Date of Award


Document Type

MA Project - Restricted Access (SIA Only)

Project Type

MA Project - Curatorial Proposal

Degree Name

Master of Arts (MA)


Art Business

First Advisor

Betsy Thomas

Second Advisor

Morgan Falconer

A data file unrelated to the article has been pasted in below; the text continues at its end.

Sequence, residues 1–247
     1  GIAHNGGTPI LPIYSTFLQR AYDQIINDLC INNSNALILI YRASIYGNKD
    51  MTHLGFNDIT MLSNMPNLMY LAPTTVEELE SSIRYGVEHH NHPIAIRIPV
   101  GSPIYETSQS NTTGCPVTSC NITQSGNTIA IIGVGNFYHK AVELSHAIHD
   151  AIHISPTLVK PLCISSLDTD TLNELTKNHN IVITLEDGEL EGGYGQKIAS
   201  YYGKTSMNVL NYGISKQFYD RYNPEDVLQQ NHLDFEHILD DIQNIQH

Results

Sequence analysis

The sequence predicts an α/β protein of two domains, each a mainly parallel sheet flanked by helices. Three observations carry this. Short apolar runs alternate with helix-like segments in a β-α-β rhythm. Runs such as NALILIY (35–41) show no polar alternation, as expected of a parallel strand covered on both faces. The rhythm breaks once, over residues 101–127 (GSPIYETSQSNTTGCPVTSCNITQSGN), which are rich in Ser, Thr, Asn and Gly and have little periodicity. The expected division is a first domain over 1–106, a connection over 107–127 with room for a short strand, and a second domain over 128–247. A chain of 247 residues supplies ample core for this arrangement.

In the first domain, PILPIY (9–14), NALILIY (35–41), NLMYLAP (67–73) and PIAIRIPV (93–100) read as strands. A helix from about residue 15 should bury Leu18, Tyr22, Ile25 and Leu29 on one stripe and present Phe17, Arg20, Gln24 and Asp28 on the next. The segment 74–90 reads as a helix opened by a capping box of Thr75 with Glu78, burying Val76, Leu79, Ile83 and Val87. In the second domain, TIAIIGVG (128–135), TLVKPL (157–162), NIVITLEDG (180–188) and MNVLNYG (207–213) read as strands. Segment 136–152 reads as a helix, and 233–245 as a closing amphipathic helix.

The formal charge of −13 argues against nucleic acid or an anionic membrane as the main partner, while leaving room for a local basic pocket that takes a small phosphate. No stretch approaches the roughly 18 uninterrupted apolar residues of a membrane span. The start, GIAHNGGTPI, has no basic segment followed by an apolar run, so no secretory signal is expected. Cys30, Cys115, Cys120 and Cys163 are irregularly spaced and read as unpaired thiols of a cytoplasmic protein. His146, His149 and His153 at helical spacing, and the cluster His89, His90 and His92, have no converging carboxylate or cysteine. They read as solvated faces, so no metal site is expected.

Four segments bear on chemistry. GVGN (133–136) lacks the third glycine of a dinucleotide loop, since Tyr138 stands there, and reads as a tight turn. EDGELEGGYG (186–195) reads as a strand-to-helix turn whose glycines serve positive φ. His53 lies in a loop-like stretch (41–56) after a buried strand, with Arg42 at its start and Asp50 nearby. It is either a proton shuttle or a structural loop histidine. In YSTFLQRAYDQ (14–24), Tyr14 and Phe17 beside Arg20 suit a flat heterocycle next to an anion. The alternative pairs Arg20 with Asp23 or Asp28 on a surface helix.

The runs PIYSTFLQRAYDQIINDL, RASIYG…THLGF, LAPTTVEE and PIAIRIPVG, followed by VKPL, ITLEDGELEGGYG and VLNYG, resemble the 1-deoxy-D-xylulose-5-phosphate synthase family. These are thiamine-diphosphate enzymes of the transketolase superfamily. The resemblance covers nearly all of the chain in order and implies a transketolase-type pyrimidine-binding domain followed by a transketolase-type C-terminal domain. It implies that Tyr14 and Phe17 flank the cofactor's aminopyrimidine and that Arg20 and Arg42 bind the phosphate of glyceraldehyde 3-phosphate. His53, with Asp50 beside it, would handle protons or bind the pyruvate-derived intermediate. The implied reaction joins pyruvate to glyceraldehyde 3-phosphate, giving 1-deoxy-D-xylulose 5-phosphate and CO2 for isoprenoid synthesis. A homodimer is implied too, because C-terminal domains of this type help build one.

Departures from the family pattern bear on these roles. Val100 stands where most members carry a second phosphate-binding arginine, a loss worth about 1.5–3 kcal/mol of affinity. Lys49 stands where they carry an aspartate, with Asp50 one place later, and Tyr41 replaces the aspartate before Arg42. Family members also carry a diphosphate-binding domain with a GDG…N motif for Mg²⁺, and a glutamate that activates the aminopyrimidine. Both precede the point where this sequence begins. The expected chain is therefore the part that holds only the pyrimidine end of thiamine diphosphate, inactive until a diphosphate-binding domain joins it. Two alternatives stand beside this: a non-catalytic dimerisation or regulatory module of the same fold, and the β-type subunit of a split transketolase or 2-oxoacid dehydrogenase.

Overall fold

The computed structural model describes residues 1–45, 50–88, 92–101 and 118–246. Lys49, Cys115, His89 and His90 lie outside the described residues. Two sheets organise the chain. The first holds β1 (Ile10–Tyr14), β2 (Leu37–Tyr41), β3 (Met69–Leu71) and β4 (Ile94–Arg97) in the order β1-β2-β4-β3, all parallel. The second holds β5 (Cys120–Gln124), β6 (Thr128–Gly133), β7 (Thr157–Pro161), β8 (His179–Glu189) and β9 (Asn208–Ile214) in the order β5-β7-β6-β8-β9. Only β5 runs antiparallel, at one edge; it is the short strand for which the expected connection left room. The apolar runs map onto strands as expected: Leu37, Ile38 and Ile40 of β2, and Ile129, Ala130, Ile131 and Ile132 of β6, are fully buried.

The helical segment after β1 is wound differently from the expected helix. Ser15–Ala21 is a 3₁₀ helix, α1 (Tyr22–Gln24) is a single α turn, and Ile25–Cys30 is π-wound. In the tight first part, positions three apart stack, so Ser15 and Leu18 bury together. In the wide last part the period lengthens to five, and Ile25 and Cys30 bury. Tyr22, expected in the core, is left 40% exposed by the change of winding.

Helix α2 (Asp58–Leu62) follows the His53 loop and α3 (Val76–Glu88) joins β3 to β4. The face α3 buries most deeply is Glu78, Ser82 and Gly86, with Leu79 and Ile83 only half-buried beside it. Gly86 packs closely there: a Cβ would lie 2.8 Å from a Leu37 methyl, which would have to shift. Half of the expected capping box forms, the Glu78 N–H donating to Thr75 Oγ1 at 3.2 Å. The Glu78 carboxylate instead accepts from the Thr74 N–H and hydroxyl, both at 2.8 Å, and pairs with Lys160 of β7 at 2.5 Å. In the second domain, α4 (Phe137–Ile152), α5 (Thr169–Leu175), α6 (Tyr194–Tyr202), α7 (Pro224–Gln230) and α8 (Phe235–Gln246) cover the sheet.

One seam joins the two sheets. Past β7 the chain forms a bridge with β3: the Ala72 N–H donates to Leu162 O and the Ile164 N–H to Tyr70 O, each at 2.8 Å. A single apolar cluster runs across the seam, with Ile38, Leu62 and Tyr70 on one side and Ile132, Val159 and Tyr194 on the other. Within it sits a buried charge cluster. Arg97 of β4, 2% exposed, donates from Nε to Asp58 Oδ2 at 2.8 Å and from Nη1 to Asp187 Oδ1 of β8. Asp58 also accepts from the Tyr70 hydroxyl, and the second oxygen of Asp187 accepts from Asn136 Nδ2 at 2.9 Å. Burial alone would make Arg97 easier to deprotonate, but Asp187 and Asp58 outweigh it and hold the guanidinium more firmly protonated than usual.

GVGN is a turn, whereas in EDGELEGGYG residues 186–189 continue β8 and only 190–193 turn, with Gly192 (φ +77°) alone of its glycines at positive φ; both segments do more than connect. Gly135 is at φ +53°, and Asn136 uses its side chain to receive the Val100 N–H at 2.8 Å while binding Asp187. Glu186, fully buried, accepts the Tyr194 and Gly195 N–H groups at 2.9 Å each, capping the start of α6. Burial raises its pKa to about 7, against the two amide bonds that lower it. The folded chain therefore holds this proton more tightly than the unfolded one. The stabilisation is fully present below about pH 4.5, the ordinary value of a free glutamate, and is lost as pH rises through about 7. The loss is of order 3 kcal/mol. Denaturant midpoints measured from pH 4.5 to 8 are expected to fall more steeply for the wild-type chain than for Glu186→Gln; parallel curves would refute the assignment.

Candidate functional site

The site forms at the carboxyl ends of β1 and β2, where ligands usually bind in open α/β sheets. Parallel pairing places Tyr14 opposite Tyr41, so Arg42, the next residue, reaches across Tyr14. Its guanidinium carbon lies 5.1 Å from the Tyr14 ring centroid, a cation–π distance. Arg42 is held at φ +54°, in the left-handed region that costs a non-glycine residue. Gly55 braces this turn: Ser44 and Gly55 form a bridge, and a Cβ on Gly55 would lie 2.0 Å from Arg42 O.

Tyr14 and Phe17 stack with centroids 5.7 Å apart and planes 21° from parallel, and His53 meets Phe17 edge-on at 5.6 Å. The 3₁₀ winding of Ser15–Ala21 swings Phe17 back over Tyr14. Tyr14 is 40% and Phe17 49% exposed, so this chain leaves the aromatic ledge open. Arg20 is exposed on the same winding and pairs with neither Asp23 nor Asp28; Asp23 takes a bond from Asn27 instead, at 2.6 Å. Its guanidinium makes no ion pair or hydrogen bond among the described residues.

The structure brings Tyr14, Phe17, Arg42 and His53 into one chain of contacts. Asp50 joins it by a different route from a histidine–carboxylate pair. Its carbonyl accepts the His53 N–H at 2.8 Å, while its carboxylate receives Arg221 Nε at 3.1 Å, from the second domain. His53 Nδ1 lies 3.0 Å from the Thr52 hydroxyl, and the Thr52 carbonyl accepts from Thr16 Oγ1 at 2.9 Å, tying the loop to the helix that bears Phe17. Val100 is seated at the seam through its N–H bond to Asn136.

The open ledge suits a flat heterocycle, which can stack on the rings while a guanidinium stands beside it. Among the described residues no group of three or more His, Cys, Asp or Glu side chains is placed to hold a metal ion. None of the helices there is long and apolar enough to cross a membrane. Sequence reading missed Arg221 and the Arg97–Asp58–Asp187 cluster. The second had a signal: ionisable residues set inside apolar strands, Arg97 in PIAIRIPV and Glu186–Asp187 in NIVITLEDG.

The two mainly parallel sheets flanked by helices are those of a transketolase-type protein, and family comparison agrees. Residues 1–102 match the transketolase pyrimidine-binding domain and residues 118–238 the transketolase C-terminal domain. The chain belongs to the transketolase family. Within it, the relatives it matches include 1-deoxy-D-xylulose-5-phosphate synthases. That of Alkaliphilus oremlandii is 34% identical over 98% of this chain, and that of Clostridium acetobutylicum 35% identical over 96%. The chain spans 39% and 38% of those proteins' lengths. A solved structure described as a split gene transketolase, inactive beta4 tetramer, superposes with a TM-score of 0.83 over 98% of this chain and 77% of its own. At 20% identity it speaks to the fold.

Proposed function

Sport Art: Athletics in Contemporary Art, is the working title for this curatorial proposal—expected to be presented at Cristin Tierney Gallery in the summer of 2024. This group show will serve to contribute and exhibit responses by contemporary artists who address the multi-layered social and cultural themes of sport within their work, while also referencing the impact of sport on their own identities. Hoping to coincide with the Paris 2024 Summer Olympics—following both the UEFA Euro 2024 and the 2024 Copa América competitions—the exhibition also intends to commemorate and celebrate the spectacle of sports, as a performance and activity, but most importantly, as an art form in and of itself. By nature, we tend to think of sport and art as two very different mediums of expression. Although both involve great skill and mental demand, either by the artist or athlete, their efforts will ultimately be spectated and observed by generally dissimilar audiences. Sport and art can also serve as a language to their respective contemplators, whether that be by transmitting emotions or a sense of inspiration, or merely functioning as a distraction from the outside world. Although both are often simple in their approach, we tend to overlook much of the historic social and cultural density present in both practices, as well as the nostalgic sentiment that comes with it. Sport, similarly to art, has become a powerful way to challenge social norms and opinions in recent history. Knowing the substantiality of their audiences, athletes have started using their platform as a means to demand change and/or test those in power. While these movements can be overlooked on a large scale, the athletes still actively choose to stay true to their personal values, intending to transmit those opinions—and often, frustrations—to the general public. Comparable to historical, socially engaged works of art—like Pablo Picasso’s Guernica, or Barbara Kruger’s We don't need another hero1 —these athletes’ presentations can also be interpreted as modern-day “revolutions,” of sorts. The works presented in Sport Art are not all necessarily politically or socially charged, although some are. Instead, most artists conceptually explore ideas and themes of sport that are closest to their identity and individuality. Considering Cristin Tierney Gallery’s long-time devotion to emerging (particularly conceptual) artists, the gallery acts as an ideal venue for this exhibition. Artists include Mattia Guarnera-MacCarthy, Peter Jeppson, Joao Joan (Joan Franco Mateo Cárcamo Pérez), Lauren Krasnoff, Adrian Mangel, Gabriel Rozzell, Tasneem Sarkez, and John Wood and Paul Harrison. Four of these artists are local to New York City; three are based in London, UK; one is in Stockholm, Sweden, and another is based in Santiago, Chile; they are a combination of emerging and mid-career contemporary artists. Through varying media (mostly painting), each artist presents their unique take on sports while remaining true to their own artistic style—whether that be social realism, figurativism, pop or comic art, impressionism, among others. Although the subjects and themes within their overall works vary and aren’t always exclusively sport-related, the works presented in Sport Art highlight facets of sport that are, or once were, significant to each artist. These aspects can range from the significance of pop culture icons or role models in sport, to lifestyle (particularly fashion and clothing), to collectables, to heavier subjects like social classism, many of which correspond to conceptual themes of nostalgia or sentimentality. All nine artists use the spectacle of athletics as conduits for theatrical performativity, voyeurism, and examining the artful physicality of sport.